The code in this module defines a simple convolutional neural network with 3 hidden layers, in which the first 2 layers are convolutional and the remaining layer is fully connected. This network has accuracy of **0.9841** (**98.41%**) or an error rate of **1.59%**.
This architecture is defined by these lines:
const { T = true; F = false; }
input Picture [28, 28];
hidden C1 [5, 12, 12]
from Picture convolve {
InputShape = [28, 28];
KernelShape = [ 5, 5];
Stride = [ 2, 2];
MapCount = 5;
}
hidden C2 [50, 4, 4]
from C1 convolve {
InputShape = [ 5, 12, 12];
KernelShape = [ 1, 5, 5];
Stride = [ 1, 2, 2];
Sharing = [ F, T, T];
MapCount = 10;
}
hidden H3 [100]
from C2 all;
output Result [10] softmax
from H3 all;
## Neural Network: Convolution and pooling deep net
Our last example uses an advanced network architecture that can be considered an example of a "deep neural network", as it has several layers, including convolutional, max pooling, and fully connected layers. This network produces a model with error of approximately **1.1%** which is a significant improvement over the simple neural network in the first experiment, which had an error of **2.33%**.
To define this complex neural network we need a more elaborate Net# script, illustrating some of the advanced features of Net#:
const { T = true; F = false; }
const {
// input image size
ImgW = 28;
ImgH = 28;
// first convolutional layer parameters
C1Maps = 5;
C1KernW = 5;
C1KernH = 5;
C1StrideW = 1;
C1StrideH = 1;
// The following formula computes dimensions with padding enabled.
C1OutW = (ImgW - 1) / C1StrideW + 1;
C1OutH = (ImgH - 1) / C1StrideH + 1;
// first pooling layer parameters
P1KernW = 2;
P1KernH = 2;
P1StrideW = 2;
P1StrideH = 2;
// The following formula computes dimensions with no padding.
P1OutW = (C1OutW - P1KernW) / P1StrideW + 1;
P1OutH = (C1OutH - P1KernH) / P1StrideH + 1;
// second convolutional layer parameters
C2Maps = 10;
C2KernW = 5;
C2KernH = 5;
C2StrideW = 1;
C2StrideH = 1;
// The following formula computes dimensions with padding enabled.
C2OutW = (P1OutW - 1) / C2StrideW + 1;
C2OutH = (P1OutH - 1) / C2StrideH + 1;
// Since Z dimension of the kernel is 1 and sharing is disabled in Z dimension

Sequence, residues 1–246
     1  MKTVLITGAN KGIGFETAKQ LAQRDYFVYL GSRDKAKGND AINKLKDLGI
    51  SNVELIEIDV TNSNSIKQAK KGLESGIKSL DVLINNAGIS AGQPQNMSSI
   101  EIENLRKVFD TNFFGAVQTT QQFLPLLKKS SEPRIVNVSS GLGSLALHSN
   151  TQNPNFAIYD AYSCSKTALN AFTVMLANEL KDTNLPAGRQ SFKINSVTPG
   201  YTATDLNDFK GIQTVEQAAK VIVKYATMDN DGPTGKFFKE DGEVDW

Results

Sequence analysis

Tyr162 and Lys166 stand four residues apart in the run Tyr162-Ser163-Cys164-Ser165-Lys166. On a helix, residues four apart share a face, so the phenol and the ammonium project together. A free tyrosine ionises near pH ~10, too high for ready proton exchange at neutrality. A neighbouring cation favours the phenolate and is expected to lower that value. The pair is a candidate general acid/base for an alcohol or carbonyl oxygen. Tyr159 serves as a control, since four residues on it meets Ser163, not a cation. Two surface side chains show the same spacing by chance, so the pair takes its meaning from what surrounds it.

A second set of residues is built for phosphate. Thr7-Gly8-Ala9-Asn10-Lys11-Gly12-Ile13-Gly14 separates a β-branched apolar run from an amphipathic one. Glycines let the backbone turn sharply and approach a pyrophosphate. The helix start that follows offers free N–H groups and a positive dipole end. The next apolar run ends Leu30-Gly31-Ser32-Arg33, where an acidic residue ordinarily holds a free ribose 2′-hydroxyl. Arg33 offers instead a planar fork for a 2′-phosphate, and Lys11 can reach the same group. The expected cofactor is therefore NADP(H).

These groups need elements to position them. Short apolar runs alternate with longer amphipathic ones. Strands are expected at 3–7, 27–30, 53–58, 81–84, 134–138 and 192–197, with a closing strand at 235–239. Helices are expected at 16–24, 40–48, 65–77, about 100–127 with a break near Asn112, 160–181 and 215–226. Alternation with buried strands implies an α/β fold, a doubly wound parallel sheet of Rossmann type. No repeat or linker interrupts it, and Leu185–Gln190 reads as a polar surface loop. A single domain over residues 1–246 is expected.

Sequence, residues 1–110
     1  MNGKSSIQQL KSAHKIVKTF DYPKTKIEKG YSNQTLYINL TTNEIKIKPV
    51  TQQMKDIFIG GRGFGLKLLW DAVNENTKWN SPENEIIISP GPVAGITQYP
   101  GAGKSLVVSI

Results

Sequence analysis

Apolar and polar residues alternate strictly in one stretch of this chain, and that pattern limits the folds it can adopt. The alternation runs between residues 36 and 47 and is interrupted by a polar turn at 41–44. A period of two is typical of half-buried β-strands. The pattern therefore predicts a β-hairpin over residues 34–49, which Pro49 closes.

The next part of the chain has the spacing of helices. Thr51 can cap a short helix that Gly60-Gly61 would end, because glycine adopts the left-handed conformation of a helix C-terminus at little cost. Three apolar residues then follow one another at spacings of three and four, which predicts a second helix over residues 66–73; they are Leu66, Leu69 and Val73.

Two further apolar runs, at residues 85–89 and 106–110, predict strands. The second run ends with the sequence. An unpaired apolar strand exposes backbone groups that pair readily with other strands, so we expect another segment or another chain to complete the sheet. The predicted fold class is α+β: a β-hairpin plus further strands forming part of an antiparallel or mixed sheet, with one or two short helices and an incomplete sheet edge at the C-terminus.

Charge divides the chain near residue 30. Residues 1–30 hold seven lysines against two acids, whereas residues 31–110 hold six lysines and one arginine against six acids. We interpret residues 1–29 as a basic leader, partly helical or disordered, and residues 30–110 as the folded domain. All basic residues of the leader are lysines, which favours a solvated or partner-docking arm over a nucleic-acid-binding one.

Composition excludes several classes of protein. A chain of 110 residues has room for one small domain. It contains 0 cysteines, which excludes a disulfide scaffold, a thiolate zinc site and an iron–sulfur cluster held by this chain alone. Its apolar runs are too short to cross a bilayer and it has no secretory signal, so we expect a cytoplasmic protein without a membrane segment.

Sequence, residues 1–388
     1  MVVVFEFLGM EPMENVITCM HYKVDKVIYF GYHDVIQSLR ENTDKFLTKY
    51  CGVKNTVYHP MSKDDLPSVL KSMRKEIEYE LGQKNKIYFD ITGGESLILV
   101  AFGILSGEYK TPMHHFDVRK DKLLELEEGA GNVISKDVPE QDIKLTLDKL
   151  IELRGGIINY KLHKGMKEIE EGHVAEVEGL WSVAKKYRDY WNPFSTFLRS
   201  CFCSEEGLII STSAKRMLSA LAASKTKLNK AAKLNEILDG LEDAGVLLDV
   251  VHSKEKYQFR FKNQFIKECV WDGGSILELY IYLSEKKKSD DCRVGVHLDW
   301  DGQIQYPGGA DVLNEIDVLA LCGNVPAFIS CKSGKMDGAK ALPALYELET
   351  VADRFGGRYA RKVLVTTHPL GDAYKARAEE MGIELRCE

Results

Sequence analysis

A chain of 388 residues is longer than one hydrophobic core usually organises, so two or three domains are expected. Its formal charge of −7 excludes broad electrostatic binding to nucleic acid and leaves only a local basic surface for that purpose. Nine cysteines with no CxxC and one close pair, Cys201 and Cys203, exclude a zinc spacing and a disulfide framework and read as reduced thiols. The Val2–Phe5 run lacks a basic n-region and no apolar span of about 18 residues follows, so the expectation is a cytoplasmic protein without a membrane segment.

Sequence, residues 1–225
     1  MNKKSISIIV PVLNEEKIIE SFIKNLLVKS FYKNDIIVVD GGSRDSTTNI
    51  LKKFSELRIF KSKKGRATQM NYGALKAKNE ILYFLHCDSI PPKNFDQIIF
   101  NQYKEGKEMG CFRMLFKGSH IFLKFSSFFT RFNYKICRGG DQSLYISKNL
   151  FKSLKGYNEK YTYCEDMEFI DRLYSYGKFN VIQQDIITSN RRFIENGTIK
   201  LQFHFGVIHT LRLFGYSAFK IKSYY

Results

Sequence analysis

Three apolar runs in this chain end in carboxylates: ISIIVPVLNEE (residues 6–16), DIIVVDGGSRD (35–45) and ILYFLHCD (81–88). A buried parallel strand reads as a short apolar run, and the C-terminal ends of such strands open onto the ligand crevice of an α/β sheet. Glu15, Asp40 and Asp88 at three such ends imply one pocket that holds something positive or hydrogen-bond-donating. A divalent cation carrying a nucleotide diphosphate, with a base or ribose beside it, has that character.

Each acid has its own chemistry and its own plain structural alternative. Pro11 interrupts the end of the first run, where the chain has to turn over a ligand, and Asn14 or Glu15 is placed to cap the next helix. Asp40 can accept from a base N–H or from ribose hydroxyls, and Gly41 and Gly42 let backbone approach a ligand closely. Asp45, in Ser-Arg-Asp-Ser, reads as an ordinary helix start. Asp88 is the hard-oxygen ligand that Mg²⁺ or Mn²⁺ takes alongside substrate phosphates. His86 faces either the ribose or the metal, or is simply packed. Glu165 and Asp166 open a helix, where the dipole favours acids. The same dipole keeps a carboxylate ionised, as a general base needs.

// total number of maps is a product of input maps and layer maps.
C2OutZ = C2Maps * C1Maps;
// second pooling layer parameters
P2KernW = 2;
P2KernH = 2;
P2StrideW = 2;
P2StrideH = 2;
// The following formula computes dimensions with no padding.
P2OutW = (C2OutW - P2KernW) / P2StrideW + 1;
P2OutH = (C2OutH - P2KernH) / P2StrideH + 1;
}
input Picture [ImgH, ImgW];
hidden C1 [C1Maps, C1OutH, C1OutW]
from Picture convolve {
InputShape = [ImgH, ImgW];
KernelShape = [C1KernH, C1KernW];
Stride = [C1StrideH, C1StrideW];
Padding = [T, T];
MapCount = C1Maps;
}
hidden P1 [C1Maps, P1OutH, P1OutW]
from C1 max pool {
InputShape = [C1Maps, C1OutH, C1OutW];
KernelShape = [1, P1KernH, P1KernW];
Stride = [1, P1StrideH, P1StrideW];
}
hidden C2 [C2OutZ, C2OutH, C2OutW]
from P1 convolve {
InputShape = [C1Maps, P1OutH, P1OutW];
KernelShape = [1, C2KernH, C2KernW];
Stride = [1, C2StrideH, C2StrideW];
Sharing = [F, T, T];
Padding = [F, T, T];
MapCount = C2Maps;
}
hidden P2 [C2OutZ, P2OutH, P2OutW]
from C2 max pool {
InputShape = [C2OutZ, C2OutH, C2OutW];
KernelShape = [1, P2KernH, P2KernW];
Stride = [1, P2StrideH, P2StrideW];
}
hidden H3 [100]
from P2 all;
output Result [10] softmax
from H3 all;
<!-- Images -->
[experiment]:http://az712634.vo.msecnd.net/samplesimg/v1/24/experiment.png
[result]:http://az712634.vo.msecnd.net/samplesimg/v1/24/result.png
[conftable]:http://az712634.vo.msecnd.net/samplesimg/v1/24/conftable.png
[netsharp]:http://az712634.vo.msecnd.net/samplesimg/v1/24/netsharp.png